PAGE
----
Section 100 CPC: Second Appeal Can be Entertained Only On An Unsettled Question Of Law- SC Reiterates
A Supreme Court Bench of Justice Indira Banerjee and Justice JK Maheshwari set aside an order passed by the Bombay High Court as it found that no substantial question of law had been involved in the second appeal.
To that end, it opined that "To be 'substantial', a question of law must be debatable, not previously settled by law of the land or a binding precedent, and must have a material bearing on the decision of the case, if answered either way, insofar as the rights of the parties before it are concerned. To be a question of law "involving in the case" there must be first, a foundation for it laid in the pleadings and the question should emerge from the sustainable findings of fact arrived at by court of facts and it must be necessary to decide that question of law for a just and proper decision of the case. An entirely new point raised for the first time before the High Court is not a question involved in the case unless it goes to the root of the matter. It will, therefore, depend on the facts and circumstance of each case whether a question of law is a substantial one and involved in the case or not, the paramount overall consideration being the need for striking a judicious balance between the indispensable obligation to do justice at all stages and impelling necessity of avoiding prolongation in the life of any lis."
Counsel Nar Hari Singh appeared for the Appellant side, and Counsel Uday B Dube appeared for the Respondent side.
In this case, it was pleaded that the Original Plaintiff was adopted by his uncle Baliram, who died intestate after about 6 months in 1951. After the death of his adoptive father, the Original Plaintiff shifted to a nearby village and managed the properties left by him.
In 1979, the wife of Baliram purportedly gifted the suit properties to the wife of the Original Plaintiff. The Original Plaintiff filed a suit in the Trial Court against the wife of Baliram (Original Defendant No. 1) and his own first wife (Defendant No. 2), praying for the declaration of ownership of the suit properties, perpetual injunction, and other reliefs. On the other hand, the Original Defendants filed their written statements in the suit contending that the Original Plaintiff had not been adopted by Baliram.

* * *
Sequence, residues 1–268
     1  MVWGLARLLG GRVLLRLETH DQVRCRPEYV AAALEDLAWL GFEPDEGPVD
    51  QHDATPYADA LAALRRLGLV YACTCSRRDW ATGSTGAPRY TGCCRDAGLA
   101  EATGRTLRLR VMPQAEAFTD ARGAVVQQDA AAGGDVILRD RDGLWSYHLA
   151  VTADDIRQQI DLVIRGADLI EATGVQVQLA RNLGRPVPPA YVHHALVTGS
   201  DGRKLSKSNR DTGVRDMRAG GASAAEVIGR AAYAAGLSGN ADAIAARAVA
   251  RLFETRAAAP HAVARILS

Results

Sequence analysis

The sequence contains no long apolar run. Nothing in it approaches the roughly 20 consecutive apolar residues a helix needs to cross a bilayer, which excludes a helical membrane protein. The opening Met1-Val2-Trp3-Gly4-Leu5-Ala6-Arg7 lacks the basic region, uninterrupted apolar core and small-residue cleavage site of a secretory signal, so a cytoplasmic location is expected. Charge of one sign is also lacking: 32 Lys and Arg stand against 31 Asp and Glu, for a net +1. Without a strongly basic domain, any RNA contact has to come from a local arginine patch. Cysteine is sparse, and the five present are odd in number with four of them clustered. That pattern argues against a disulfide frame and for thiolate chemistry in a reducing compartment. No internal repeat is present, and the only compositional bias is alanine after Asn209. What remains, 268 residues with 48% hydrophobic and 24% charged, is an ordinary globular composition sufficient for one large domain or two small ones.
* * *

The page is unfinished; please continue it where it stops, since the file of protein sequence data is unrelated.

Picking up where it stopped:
The Trial Court dismissed the suit. On appeal, the First Appellate Court set aside the judgment of the Trial Court and held that the Original Plaintiff had been adopted by Baliram and was thus entitled to succeed the suit property.
Respondents Nos. 1 to 4, who were purchasers pendente lite of the suit property filed a Second Appeal at the High Court of Bombay. However, the Original Defendants did not challenge the order passed by the First Appellate Court.
The High Court admitted the appeal, and resultantly, the Appellants approached the Supreme Court.
The Supreme Court found that there were no questions of law before the High Court, let alone substantial questions of law. In that context, it reiterated that a Second Appeal under Section 100 of CPC can only be entertained on a substantial question of law. It relied on a catena of judgments towards the same, including Ram Prasad Rajak v. Nand Kumar & Bros. and Another and Kshitish Chandra Purkait v. Santosh Kumar Purkait and Others.
The Court also referred to prior precedent in cases like Sir Chunnilal V. Lal Mehta & Sons v. Century Spinning and Manufacturing Co. Ltd to establish what constitutes to be a substantial question of law under Section 100 of CPC.
In light of the same, the Court held that "In this case, it cannot be said that the First Appellate Court acted on no evidence. The Respondents in their Second Appeal before the High Court did not advert to any material evidence that had been ignored by the First Appellate Court. The Respondents also could not show that any wrong inference had been drawn by the First Appellate Court from proved facts by applying the law erroneously."
Further, the Court held that the questions raised in the High Court did not meet the tests laid down to establish that the questions are substantial questions of law. To that end, the Court held that "We are constrained to hold that there was no question of law, let alone any substantial question of law, involved in the Second Appeal."
Consequently, the Supreme Court allowed the appeal and set aside the order passed by the High Court, thus upholding the decree passed by the First Appellate Court.
Cause Title - Chandrabhan (Deceased) Through Lrs. & Ors. v. Saraswati & Ors.
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